Jump to content
  • Advertisement
Sign in to follow this  
wodinoneeye

What could you do with a 'many-core' CPU

This topic is 3522 days old which is more than the 365 day threshold we allow for new replies. Please post a new topic.

If you intended to correct an error in the post then please contact us.

Recommended Posts

Larrabee is a coming Intel CPU that will have 16/24/32 real cores on one chip linked by high bandwidth ring bus. It will have 32KB each of data and instruction L1 cache and 256KB L2 (per core). Each core can do hyperthreading and also access the main memory space pretty much the same way that your dual/quad cpus do now. It will be used initailly for graphics (they added very wide SIMD ALUs for pixel processing) but the cores are general purpose CPUs (you can run an OS on it) and can be used for other (supercomputer) type uses. I have been considering what game uses something like this would have (obviously it could be used for physics) for both client and server. AI requires alot of CPU resources, so its logical to try to apply many-core to it. Such a CPU could simultaneously run many AI of the kind games currently use (FSM logic for behavior). Larrabee is supposed to have very high bus bandwidth but trying to keep 32 cores going in a random data intensive application will probably not work efficiently. Minimizing data/code transfers using a VM that fits in 32k would alleviate the problem some (there is supposed to be special instruction to effect cache residency in Larrabee). Bytecode 'code' is more compact making it easier to fit in caches. How small a VM could you make so that it fits in the L1 cache, yet still be useful for game scripting?? What features would you need in the VM to do all the common operations done in typical scripted logic ???? The CPU cores are not locked into a limited 'shader' operating mode instead can access the entire main memory when needed (prefereably not most of the time). Could you do A* on non-trivial maps (fit in 256KB...) at least up to a certain size, but what size is that ???? For more heavyweight AI I think the random nature of access to much larger data sets would choke this kind of CPU (might even choke a quad..) But the games simulated have many simpler AIs which could be done (think of the MMORPG game servers who have to limit the NPCs leaving a pretty but largely unpopulated world). Better AI needs to be done for the 'significant' objects, but there is plenty of 'dumber' objects that could be added to the simulation in larger numbers (including control of effects/mechanism/projectiles) which bottleneck game servers today. Having 'many-core' CPUs become common is years off. Similar issues do apply to 8-core CPUs, which Intel is planning to have in your consumer grade computers soon (look how fast quad-cores came into the mainstream).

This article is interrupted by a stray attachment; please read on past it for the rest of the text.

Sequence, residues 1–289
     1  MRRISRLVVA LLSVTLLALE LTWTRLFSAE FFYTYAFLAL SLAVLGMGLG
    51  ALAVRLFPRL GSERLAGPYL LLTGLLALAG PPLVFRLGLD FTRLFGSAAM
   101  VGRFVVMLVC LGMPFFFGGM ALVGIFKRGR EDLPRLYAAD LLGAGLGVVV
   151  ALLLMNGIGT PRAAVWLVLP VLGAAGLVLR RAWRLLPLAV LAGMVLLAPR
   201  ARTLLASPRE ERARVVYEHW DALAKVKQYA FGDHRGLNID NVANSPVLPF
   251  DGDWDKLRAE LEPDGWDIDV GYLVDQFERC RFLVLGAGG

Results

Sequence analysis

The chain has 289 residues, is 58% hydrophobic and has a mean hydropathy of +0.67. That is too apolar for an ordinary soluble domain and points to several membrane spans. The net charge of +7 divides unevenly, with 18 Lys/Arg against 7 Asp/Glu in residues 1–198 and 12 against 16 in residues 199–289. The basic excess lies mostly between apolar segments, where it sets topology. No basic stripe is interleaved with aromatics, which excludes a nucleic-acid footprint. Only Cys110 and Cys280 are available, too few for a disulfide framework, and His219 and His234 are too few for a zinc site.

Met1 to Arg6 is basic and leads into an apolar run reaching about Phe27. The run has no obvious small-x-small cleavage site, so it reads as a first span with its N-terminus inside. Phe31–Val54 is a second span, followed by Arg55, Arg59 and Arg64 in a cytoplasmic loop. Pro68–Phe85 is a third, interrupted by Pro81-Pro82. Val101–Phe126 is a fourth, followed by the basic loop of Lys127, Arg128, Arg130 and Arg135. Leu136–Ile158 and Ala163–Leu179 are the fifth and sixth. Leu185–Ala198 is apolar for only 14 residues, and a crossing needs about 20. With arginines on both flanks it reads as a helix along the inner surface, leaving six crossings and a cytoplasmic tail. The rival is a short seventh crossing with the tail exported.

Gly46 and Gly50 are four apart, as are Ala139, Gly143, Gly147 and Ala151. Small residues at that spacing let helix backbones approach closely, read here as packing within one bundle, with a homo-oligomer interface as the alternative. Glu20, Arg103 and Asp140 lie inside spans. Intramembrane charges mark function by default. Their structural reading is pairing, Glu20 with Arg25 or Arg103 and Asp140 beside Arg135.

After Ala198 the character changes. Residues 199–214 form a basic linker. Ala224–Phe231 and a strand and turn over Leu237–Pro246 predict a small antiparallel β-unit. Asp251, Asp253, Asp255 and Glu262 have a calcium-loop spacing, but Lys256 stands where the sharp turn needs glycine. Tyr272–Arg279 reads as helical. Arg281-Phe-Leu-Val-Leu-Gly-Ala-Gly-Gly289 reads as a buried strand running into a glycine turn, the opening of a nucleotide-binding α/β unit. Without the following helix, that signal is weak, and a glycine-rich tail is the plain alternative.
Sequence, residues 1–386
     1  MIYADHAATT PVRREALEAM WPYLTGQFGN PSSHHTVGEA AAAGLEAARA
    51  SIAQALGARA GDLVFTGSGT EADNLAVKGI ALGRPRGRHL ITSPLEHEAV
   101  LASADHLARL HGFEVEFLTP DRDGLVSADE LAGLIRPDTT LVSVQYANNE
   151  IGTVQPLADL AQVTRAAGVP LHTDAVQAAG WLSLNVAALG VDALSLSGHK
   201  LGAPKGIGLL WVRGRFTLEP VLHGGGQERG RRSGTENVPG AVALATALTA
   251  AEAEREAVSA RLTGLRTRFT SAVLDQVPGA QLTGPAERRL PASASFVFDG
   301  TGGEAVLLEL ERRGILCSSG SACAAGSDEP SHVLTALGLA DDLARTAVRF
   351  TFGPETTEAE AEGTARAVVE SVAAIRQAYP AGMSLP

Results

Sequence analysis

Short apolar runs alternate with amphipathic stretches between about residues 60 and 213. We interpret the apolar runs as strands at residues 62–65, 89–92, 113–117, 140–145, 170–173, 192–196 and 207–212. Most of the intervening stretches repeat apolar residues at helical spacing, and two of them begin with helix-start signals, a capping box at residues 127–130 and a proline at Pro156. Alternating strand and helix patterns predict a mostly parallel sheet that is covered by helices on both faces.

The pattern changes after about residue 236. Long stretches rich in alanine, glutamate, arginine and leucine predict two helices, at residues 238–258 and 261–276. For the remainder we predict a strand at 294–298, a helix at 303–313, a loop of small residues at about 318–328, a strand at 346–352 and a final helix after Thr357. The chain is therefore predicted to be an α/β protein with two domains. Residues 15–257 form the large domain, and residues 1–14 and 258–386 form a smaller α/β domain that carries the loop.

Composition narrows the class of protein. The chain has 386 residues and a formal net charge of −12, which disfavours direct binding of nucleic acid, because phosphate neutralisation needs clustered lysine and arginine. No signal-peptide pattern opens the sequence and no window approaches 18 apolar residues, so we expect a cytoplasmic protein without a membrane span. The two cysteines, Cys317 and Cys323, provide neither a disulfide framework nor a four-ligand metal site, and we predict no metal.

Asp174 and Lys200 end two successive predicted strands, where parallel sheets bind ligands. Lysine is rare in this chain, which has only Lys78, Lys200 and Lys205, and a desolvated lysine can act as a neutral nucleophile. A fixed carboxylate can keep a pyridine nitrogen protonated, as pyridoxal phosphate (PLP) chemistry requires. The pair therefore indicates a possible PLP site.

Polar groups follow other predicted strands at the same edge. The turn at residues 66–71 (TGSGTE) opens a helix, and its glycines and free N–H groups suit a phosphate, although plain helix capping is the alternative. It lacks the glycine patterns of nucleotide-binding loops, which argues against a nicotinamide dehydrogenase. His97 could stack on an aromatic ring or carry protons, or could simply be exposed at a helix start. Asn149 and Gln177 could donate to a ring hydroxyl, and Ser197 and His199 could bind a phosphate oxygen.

Share this post


Link to post
Share on other sites
Advertisement
Hmm I remember when legos were legos....

http://lejos.sourceforge.net/


Anyway one problem with trying to decide which features you want for your VM (and the language that will use it) is you see another feature that would be 'good' to have and after a while its grown more than you would want it too.


Specificly for game script for FSM based AI you would want switch statements for making the states work (I suppose you could do it with pointers to multiple 'state' functions ...)

Others:

Simple Arrays (or lists)

function calls (with params)

structs

for loops

sleep/wake mechanism

message passing

strings

...


All of course to fit in a 32KB L1 instruction cache


---------------------------------------------------------------------
tiny basic .... (you are old if you remember this)

http://www.ddj.com/web-development/184406381;jsessionid=ORHLR4KCGR13YQSNDLPSKH0CJUNN2JVN?_requestid=231442

Share this post


Link to post
Share on other sites
FYI, Looks like not only is there a session on multi-threading in the AI Summit at GDC, there will be another one in the main conference.

Share this post


Link to post
Share on other sites
Quote:
Original post by krez
I have a quad core but mostly I just read the internet.
That's a great line. When we have 32 cores as standard I'm adapting it and stealing it as my signature.

Share this post


Link to post
Share on other sites
I use multi-core machines to accelerate some parts of my data mining programs. I give a brief overview here:

Parallel Programming: A First Look (Nov-16-2008)

The basic idea of parallel programming is, after all, breaking up work to spread among multiple processors to speed things up. The trick is writing software to marry the problems you face with the particular parallel hardware you've got.


-Predictor
Data Mining in MATLAB

Share this post


Link to post
Share on other sites
It's amazing that individuals now will have access to as much computational power as was reserved for nations once, a small super computer on their desktop. If you throw in the GPUs and distributed computational systems like Seti@home and Folding@home, the access to computational power is enormous.

-ddn

Share this post


Link to post
Share on other sites
Sign in to follow this  

  • Advertisement
×

Important Information

By using GameDev.net, you agree to our community Guidelines, Terms of Use, and Privacy Policy.

We are the game development community.

Whether you are an indie, hobbyist, AAA developer, or just trying to learn, GameDev.net is the place for you to learn, share, and connect with the games industry. Learn more About Us or sign up!

Sign me up!